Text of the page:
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Sci. STKE, 18 December 2007
Vol. 2007, Issue 417, p. pl7
[DOI: 10.1126/stke.4172007pl7]


Image Correlation Spectroscopy

Anja Nohe1* and Nils O. Petersen2

1Department of Chemical and Biological Engineering, University of Maine, Orono, ME 04469, USA.
2National Institute for Nanotechnology, University of Alberta, 11421 Saskatchewan Drive, Edmonton, AB T6G 2M9, Canada.

Abstract: Membrane domains, such as caveolae and clathrin-coated pits, regulate cell signaling and protein internalization in the plasma membrane. Fluorescence imaging and microscopy provide an opportunity to determine the receptor protein dynamics of membrane microdomains. The family of image correlation spectroscopy (ICS) techniques provides powerful tools with which to measure the aggregation, clustering, and dynamics of proteins in the plasma membrane. ICS is used to calculate the cluster density and the degree of aggregation of plasma membrane proteins, whereas image cross-correlation spectroscopy (ICCS) measures the fraction of colocalization of two proteins. Dynamic image correlation spectroscopy (DICS) can be used to analyze protein dynamics on the cell surface during live-cell imaging.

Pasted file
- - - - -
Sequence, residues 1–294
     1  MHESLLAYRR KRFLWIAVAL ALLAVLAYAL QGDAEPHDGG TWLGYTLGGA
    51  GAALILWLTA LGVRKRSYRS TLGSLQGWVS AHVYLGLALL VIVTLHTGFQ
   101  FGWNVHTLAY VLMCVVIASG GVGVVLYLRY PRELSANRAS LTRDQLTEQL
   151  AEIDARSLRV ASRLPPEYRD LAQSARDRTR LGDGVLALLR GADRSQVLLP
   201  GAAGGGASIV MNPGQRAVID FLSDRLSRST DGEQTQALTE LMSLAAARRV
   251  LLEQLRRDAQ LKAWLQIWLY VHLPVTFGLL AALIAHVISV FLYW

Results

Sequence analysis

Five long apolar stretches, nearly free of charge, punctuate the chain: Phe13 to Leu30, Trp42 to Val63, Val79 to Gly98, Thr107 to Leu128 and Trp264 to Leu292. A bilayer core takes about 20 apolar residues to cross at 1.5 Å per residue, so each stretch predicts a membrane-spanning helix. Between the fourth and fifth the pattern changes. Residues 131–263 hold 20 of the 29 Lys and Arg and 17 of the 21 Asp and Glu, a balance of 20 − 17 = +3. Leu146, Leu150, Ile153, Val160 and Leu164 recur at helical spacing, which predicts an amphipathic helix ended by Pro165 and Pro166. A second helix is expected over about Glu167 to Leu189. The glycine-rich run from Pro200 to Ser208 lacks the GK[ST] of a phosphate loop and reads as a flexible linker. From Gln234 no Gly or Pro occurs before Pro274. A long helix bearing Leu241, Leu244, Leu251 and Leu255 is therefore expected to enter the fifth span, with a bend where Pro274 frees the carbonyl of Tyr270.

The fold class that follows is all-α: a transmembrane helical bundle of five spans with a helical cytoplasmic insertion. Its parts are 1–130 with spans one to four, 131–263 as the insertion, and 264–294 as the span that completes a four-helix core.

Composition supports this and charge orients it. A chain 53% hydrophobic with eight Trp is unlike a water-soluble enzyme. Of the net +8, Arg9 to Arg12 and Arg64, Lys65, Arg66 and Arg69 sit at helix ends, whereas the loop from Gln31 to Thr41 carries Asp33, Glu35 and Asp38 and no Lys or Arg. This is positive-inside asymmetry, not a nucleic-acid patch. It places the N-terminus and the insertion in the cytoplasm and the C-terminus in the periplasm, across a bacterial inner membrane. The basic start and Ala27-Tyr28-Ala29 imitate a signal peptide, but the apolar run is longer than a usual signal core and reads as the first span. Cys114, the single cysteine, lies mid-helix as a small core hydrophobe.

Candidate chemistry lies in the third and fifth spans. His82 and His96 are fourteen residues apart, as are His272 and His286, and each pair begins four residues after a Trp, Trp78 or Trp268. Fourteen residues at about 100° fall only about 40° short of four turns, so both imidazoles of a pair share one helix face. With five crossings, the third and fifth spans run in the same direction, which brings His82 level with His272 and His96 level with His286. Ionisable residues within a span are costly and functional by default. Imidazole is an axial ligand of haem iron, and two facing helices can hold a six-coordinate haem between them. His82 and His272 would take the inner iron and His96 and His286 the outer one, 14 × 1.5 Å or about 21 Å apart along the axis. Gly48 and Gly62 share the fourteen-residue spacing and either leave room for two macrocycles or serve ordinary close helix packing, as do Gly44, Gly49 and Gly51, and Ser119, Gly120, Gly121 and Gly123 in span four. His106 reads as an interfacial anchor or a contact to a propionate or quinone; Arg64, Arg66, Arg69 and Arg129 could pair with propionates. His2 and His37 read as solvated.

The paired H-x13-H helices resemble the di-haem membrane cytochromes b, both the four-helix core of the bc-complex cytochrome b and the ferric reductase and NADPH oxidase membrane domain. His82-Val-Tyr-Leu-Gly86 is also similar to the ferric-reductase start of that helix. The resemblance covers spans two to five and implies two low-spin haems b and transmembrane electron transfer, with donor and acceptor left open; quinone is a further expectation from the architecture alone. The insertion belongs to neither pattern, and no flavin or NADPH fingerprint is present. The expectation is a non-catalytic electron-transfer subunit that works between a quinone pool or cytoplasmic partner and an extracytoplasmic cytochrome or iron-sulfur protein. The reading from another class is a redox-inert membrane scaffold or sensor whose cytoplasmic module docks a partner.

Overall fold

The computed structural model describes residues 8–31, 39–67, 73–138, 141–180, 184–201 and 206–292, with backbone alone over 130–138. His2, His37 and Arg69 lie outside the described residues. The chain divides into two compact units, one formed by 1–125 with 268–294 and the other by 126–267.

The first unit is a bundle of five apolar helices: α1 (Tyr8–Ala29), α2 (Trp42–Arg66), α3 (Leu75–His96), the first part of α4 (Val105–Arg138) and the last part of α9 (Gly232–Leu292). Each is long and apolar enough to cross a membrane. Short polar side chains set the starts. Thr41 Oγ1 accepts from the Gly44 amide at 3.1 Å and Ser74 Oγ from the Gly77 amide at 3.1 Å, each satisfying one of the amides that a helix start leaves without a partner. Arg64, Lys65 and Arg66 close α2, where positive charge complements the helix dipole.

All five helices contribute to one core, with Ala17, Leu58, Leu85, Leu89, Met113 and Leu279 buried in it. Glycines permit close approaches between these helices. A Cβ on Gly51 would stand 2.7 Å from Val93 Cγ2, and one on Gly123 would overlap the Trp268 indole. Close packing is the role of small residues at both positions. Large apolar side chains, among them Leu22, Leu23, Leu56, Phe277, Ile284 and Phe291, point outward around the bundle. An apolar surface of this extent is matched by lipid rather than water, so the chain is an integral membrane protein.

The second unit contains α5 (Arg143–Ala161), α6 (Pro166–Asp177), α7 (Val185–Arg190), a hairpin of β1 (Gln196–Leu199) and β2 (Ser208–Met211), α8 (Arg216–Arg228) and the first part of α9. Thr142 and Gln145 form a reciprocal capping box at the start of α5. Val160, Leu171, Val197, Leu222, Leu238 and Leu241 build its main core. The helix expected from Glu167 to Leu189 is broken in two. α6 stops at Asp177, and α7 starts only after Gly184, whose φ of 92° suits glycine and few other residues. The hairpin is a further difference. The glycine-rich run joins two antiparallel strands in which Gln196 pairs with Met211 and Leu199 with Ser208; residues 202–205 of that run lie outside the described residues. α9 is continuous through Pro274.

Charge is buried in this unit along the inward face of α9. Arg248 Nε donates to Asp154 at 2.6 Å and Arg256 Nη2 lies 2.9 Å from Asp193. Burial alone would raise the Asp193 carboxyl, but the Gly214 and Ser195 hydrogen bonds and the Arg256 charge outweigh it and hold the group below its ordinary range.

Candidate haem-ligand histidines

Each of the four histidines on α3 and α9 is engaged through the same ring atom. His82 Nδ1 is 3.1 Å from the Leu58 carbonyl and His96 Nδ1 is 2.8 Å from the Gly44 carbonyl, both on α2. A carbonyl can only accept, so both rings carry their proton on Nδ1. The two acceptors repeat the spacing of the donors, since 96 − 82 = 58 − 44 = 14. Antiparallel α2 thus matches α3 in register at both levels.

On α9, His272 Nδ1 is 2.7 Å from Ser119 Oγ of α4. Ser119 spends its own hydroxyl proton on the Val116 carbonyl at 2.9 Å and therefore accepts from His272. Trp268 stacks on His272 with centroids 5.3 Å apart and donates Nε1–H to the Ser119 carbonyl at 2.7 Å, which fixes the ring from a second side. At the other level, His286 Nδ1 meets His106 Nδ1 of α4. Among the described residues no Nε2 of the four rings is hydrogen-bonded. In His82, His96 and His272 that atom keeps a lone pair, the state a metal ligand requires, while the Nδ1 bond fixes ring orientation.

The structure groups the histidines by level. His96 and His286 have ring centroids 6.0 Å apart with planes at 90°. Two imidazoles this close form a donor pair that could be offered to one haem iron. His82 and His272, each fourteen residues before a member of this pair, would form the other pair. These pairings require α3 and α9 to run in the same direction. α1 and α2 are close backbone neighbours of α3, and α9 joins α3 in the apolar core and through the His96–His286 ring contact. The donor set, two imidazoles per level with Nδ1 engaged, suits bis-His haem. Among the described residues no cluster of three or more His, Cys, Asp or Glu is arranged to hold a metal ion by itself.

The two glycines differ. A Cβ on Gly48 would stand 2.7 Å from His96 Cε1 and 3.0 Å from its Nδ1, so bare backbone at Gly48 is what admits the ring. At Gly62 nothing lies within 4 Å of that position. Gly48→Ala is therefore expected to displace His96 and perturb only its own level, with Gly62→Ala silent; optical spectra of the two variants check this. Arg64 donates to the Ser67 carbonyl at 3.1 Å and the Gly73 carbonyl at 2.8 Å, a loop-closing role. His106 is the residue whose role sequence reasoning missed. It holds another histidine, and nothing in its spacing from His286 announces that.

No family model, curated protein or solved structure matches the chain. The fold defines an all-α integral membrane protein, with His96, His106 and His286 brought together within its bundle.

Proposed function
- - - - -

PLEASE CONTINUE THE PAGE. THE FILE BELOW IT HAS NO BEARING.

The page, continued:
*Corresponding author. E-mail, anohe{at}

Citation: A. Nohe, N. O. Petersen, Image Correlation Spectroscopy. Sci. STKE 2007, pl7 (2007).

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